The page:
when to take away the lamp?

spish

De Regenboog Kippetjes
9 Years
Apr 7, 2010
1,853
29
206
Belgium
ok i have chicks of all ages and am hoping to move some of the older ones into their new brooder but worried they'll be too cold. the room stays around 12 - 15 degrees constant temp but they are all under a heat lamp right now (in the same small room)

i'd like to move the 4 week old chicks out from under the lamp, they'd be moved to a brooder (bigger, more room) about 2 foot away from the lamp (so still a bit of extra warmth) there would be 8 of them living together, will they be warm enough or do they need a seperate lamp over them? they are all feathered out.....



also when can they have some playtimes outside? on tuesday its meant to be 18 degrees outside, no wind, so a perfect spring day...could the older ones maybe have a first encounter with the grass for a few hours?
 
Last edited:

4-H chicken mom

Crowing
13 Years
Aug 3, 2007
17,491
174
431
Oberlin, OH
Since we start are chicks at 95 degrees and drop 5 degrees per week, unless it is going to be 75 degrees, your 4 week olds will be cold. Especially if they are not fully feathered. Good Luck.
 

FMAFarms

Songster
8 Years
Feb 20, 2011
439
4
109
Rural Michigan
15 degrees Centigrade (about 59 degrees Fahrenheit) is too cold for chicks. At four weeks of age, chicks need a constant temperature of about 23 to 26 degrees Centigrade (75 to 80 degrees Fahrenheit). At six weeks of age and beyond, a constant temperature of 21 degrees is needed for healthy, unstressed chicks and chickens. If you move the four-week-old chicks to a new brooder, they will still need the heat lamp for a few more weeks (if your brooder is indoors). If your brooder is outdoors, not only will the chicks need a heat lamp but the full-grown chickens will need one, too.

18 degrees is still very cold. Full-grown chickens might tolerate that temperature for perhaps an hour at the most. You can try bringing your chicks outside, but I would recommend staying with them at all times and not to give them more than 10 minutes, maximum. When you see them huddling together and not moving, it's time to bring them back inside and under the heat lamp quickly. Viel gluck, bonne chance!
 

newchik715

Songster
10 Years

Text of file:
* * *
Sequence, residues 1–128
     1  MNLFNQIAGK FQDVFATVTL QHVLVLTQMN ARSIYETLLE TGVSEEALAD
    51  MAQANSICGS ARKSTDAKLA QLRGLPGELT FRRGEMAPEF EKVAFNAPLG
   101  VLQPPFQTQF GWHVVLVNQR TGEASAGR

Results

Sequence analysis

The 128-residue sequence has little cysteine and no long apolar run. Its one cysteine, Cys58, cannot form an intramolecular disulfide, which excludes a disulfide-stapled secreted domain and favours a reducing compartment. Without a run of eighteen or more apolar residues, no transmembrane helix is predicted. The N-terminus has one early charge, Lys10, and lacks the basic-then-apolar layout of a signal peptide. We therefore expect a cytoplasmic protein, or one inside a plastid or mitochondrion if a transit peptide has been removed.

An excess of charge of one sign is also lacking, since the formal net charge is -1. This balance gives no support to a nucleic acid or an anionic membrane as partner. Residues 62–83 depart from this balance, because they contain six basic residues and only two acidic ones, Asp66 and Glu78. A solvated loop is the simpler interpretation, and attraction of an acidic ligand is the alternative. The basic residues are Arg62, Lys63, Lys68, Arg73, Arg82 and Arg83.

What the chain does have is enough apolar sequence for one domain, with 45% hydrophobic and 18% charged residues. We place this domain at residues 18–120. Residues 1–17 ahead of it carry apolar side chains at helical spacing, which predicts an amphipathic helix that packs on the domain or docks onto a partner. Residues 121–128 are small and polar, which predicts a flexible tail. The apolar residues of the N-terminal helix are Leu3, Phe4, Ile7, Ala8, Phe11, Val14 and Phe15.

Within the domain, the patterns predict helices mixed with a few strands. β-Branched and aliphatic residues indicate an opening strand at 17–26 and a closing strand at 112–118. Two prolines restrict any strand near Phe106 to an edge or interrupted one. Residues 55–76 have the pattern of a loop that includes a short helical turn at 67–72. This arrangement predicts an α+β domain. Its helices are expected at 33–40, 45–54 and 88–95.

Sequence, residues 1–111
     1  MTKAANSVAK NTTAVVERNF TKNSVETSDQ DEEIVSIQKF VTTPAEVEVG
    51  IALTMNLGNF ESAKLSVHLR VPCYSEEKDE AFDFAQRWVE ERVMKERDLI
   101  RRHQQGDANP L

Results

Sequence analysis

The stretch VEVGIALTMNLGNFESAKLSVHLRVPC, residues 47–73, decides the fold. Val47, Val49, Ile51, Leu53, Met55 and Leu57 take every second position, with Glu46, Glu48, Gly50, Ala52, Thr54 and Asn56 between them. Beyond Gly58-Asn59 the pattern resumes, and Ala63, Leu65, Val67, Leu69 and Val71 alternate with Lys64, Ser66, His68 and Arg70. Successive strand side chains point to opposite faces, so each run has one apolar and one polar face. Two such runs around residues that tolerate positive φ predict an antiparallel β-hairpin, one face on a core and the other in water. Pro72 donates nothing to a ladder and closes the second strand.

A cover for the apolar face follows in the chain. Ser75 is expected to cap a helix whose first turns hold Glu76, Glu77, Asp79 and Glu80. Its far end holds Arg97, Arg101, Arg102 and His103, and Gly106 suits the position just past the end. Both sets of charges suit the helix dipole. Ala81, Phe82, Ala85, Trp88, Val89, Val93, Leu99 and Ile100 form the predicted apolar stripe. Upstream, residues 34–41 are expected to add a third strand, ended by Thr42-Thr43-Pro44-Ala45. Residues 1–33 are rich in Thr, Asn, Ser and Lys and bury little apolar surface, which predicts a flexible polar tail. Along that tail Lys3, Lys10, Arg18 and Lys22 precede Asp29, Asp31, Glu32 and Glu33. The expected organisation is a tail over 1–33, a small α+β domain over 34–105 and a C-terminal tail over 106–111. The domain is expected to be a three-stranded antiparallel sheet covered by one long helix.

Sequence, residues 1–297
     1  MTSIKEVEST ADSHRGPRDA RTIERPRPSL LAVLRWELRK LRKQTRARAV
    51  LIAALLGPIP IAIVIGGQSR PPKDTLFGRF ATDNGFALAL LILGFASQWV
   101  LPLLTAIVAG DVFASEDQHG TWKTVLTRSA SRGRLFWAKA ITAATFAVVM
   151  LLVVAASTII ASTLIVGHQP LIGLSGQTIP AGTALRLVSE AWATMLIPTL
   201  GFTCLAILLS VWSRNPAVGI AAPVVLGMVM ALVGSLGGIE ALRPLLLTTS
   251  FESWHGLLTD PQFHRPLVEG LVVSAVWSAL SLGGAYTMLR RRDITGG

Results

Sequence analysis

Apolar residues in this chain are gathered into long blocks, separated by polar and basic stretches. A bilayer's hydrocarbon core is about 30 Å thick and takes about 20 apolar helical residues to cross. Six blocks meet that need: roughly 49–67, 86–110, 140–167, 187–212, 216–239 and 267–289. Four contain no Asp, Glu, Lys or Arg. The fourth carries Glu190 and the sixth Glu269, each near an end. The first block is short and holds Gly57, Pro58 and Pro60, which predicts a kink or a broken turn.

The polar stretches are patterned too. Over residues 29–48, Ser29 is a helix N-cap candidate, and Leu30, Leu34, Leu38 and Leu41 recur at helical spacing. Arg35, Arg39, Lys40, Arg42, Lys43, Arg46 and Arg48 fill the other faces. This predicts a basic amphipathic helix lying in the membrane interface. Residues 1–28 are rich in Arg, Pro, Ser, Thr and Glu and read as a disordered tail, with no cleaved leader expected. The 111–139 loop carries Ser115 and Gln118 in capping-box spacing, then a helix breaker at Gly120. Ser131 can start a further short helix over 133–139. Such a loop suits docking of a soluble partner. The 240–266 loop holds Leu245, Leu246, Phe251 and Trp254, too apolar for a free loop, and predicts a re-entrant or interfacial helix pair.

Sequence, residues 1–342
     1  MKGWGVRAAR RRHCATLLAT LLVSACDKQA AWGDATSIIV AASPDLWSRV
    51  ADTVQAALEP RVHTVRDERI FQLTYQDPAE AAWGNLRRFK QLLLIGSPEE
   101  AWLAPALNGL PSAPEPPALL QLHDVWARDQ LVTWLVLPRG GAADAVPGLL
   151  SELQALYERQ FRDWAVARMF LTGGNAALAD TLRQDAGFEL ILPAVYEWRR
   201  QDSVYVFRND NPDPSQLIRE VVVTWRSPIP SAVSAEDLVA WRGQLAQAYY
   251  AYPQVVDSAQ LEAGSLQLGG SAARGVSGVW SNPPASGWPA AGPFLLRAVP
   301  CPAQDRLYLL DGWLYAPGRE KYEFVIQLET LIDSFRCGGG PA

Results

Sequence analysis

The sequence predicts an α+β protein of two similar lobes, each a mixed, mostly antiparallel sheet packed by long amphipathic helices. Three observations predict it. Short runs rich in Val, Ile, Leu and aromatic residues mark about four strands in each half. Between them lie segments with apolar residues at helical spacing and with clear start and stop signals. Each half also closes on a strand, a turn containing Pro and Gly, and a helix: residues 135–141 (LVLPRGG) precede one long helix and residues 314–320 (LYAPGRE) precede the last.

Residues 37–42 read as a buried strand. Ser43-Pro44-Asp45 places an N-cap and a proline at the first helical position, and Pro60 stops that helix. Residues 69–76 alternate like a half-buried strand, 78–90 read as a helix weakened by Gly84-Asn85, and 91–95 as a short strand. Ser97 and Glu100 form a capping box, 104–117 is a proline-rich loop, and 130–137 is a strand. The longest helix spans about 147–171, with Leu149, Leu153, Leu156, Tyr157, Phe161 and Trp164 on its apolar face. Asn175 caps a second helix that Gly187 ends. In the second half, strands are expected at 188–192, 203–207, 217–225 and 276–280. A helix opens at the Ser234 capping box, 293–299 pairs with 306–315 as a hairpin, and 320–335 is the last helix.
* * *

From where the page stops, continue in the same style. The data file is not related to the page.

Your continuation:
Aug 31, 2009
331
0
119
Washington
Mine are not yet four weeks old and off the lamp completely. I take them outside for an hour so every day unless it is raining. I did this with my last batch as well and everything has been fine. they are now a year old. the babies i have now are in my den which is the warmest room in the house at about 71 or so degrees. I think whatever you do you need to watch them close and make sure they react okay. loud, sharp, constant cheeping is a good indicator that they are not happy....either too cold or stressed in some way. huddling together is a sign of being cold though some birds just like to sleep that way in general. for the most part you should follow what previous posters have said.
 

Judy

Crowing
Premium Feather Member
10 Years
Feb 5, 2009
34,024
592
448
South Georgia
I think you'll find if you do a little research on here that chickens tolerate cold very well, and many keep full grown chickens without added heat well below freezing, even 0F and below. I would move 4 week olds out from under the heat source and into the other brooder, definitely. And I would take older chicks outdoors for a period of time any time I had the chance. You will be able to tell whether they are warm enough. I might even include the younger ones in the outdoor time if they look that feathered to you.

I won't look up C for you because you will find most temps on here in F so you need a handy converter anyway!

Good luck with your chicks.
 

itsjustjen

Songster
8 Years
Mar 10, 2011
261
0
109
Middle Tennessee
I am wondering the same thing. I have 3 chicks roughly 2 1/2 weeks old and a duckling that's almost 3 weeks old now and turned the lamp off for the day and put them in their new brooder outside to enjoy the 83 degree weather we had. When the outside temps started to drop, I put them in the indoor brooder ( rubbermaid tub with shavings ) and put them back into the bath tub where they have been only I didn't put the lamp back up.

I am wondering if it is possible to leave it off from now on? They huddle to the duckling and always have ( it's 2x's their size ). I have a thermometer in there right now and it is holding steady at 78 degrees with a closed bathroom door. It is supposed to get down to 63 outside tonight so I made sure to kick on the heat.

Will they be ok?
 

doxies1

Chirping
9 Years
Nov 16, 2010
210
1
99
West centeral Maryland
A brooder should have a heat source also, and the chicks can move closer for warmth or farther for cooling . Food and water should be available at the edge or colse by the brooder.
 

spish

De Regenboog Kippetjes
9 Years
Apr 7, 2010
1,853
29
206
Belgium
Quote:
sorry but my full grown chickens live outside 24/7 through below freezing winters/ice/snow etc (most of the winter is between - 5 and - 20) and have never had a problem with being 'too cold' do people really keep full grown chickens at a constant 21 degrees??
 

spish

De Regenboog Kippetjes
9 Years
Apr 7, 2010
1,853
29
206
Belgium
so lots of mixed opinions here...... but im gonna go with the 'they'll be ok' crew. im guessing chicks born out in the field are not under mum 24/7 for heat so they'll be ok......

if i see they are too cold i can rig up a lamp....


thanks for all the opinions
smile.png
 

itsjustjen

Songster
8 Years
Mar 10, 2011
261
0
109
Middle Tennessee
Quote:
Well I did it last night, kept the bathroom light on ( don't ask me why though ) I kept an eye on the temps and it stayed at 74 the entire night and when I woke up this morning they were eating and drinking happily! They are already back outside and it's 69 outside but 71 in the brooder.
 

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